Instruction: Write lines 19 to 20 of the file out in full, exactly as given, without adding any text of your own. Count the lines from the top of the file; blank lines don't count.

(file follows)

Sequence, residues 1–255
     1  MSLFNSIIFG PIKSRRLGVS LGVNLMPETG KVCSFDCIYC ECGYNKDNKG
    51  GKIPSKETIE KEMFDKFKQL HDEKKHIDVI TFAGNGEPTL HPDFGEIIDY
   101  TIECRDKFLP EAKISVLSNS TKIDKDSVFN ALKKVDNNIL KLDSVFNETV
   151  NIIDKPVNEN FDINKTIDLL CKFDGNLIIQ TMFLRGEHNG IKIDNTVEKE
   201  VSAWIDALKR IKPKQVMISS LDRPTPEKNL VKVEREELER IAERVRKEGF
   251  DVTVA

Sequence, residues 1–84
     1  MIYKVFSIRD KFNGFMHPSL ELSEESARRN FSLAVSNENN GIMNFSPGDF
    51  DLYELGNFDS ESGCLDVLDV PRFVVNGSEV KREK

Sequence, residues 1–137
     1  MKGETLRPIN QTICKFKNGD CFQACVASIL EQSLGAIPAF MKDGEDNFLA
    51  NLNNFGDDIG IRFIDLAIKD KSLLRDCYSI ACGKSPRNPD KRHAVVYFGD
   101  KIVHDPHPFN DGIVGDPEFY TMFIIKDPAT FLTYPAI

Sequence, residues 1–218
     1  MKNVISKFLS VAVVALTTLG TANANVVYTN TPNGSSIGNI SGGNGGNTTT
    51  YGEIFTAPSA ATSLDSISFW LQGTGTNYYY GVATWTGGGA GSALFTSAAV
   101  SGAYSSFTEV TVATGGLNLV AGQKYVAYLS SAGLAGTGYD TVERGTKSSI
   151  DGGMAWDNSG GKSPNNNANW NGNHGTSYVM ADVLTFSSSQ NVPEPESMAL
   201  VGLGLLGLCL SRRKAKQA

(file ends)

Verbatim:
   151  DGGMAWDNSG GKSPNNNANW NGNHGTSYVM ADVLTFSSSQ NVPEPESMAL
   201  VGLGLLGLCL SRRKAKQA